The key to diet longevity is a realistic, flexible eating plan, says Alan Aragon, MS, a nutritionist in Thousand Oaks, California. Most people eat too little and go into defensive mode when cravings strike. Then they cheat, then feel bad, then resist, and then cheat again. It's an endless cycle. If you're craving Haagen-Dazs, grab a spoon. Just dig in moderation.
4. Ignite your fat burners
Capsaicin, the compound that gives chili peppers their mouth-searing quality, can also fire up your metabolism, according to a study in the Journal of Nutritional Science and Vitaminology. Eat about 1 tablespoon of chopped red or green chilies to boost your body's production of heat and the activity of your sympathetic nervous system. The result is a metabolism spike of 23%! 
5. Eliminate added sugars
According to a USDA survey, the average American eats about 20 teaspoons of added sugar daily, or 317 empty calories. The researchers report that 82% of that added sugar can be attributed to soda, baked goods, breakfast cereals, candy, and fruit drinks. What's not on the list? Meat, vegetables, whole fruit, and eggs, along with unsweetened whole-grain and dairy products. Eat accordingly. 
6. Scramble to slim down
Not only are eggs a great muscle-building food, but they can also help you look less egg-shaped. A 2010 study in Nutrition Research showed that men who had eggs for breakfast ate less over the next 24 hours than those who began their day with a bagel instead. (The cholesterol in eggs isn't a heart threat; cancel the egg-white omelets!) 


CDC: Influenza Activity Increasing Across the U.S.

Proportion of deaths attributed to pneumonia and influenza below epidemic threshold

  The proportion of deaths attributed to pneumonia and influenza was below the epidemic threshold. Two influenza-associated pediatric deaths were reported and were associated with influenza B viruses (total of 18). "CDC continues to recommend influenza vaccination and antiviral treatment when appropriate at this time," according to a media briefing issued by the agency. "CDC has recommendations on the use of antiviral medications (sold commercially as "Tamiflu®" and "Relenza®") to treat influenza illness. Antiviral treatment, started as early as possible after becoming ill, is recommended for any patients with confirmed or suspected influenza who are hospitalized, seriously ill, or ill and at high risk of serious influenza-related complications, including young children, people 65 and older, people with certain underlying medical conditions, and pregnant women. Treatment should begin as soon as influenza is suspected, regardless of vaccination status or rapid test results and should not be delayed for confirmatory testing."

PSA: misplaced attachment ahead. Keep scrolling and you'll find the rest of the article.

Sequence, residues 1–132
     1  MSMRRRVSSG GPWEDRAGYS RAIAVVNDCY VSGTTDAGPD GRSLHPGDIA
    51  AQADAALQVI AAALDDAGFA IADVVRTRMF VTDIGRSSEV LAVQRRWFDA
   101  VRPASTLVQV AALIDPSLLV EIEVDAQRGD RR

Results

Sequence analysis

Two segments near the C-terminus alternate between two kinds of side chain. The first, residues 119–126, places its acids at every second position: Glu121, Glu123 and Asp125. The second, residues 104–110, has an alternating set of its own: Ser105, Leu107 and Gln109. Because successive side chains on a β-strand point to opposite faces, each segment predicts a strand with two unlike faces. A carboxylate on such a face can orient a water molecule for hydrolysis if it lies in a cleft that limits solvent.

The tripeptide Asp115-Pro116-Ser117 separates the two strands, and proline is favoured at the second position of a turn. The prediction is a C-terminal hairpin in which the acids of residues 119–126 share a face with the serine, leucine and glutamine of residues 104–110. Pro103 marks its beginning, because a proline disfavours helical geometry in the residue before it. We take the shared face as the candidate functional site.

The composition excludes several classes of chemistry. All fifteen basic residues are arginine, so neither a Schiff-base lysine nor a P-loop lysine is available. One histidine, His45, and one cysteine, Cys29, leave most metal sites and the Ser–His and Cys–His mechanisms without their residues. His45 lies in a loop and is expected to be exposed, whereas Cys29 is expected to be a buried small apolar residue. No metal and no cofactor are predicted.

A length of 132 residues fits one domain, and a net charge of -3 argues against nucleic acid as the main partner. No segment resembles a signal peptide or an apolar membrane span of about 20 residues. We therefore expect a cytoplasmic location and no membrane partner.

FRIDAY, Jan. 4 (HealthDay News) -- Flu season descended on the United States early and hard this winter, with significant increases in flu activity observed over the past month, according to an update issued Jan. 4 by the U.S. Centers for Disease Control and Prevention.According to the CDC, the proportion of people seeing their health care provider with influenza-like-illness in the U.S. has been elevated for four consecutive weeks, rising from 2.8 to 5.6 percent during that time period. Influenza-like-illness peaked at 2.2 percent during the 2011-2012 season. During week 52 (Dec. 23 to 29, 2012), of 9,363 specimens tested and reported by World Health Organization and National Respiratory and Enteric Virus Surveillance System collaborating laboratories, 31.6 percent were positive for influenza (up from 29.6 reported last week). 

Recognizing Signs of a Heart Attack in Women
http://www.surreywellness.com/chiropractic/go-for-red-women-premiere-short-film-just-a-little-heart-attack/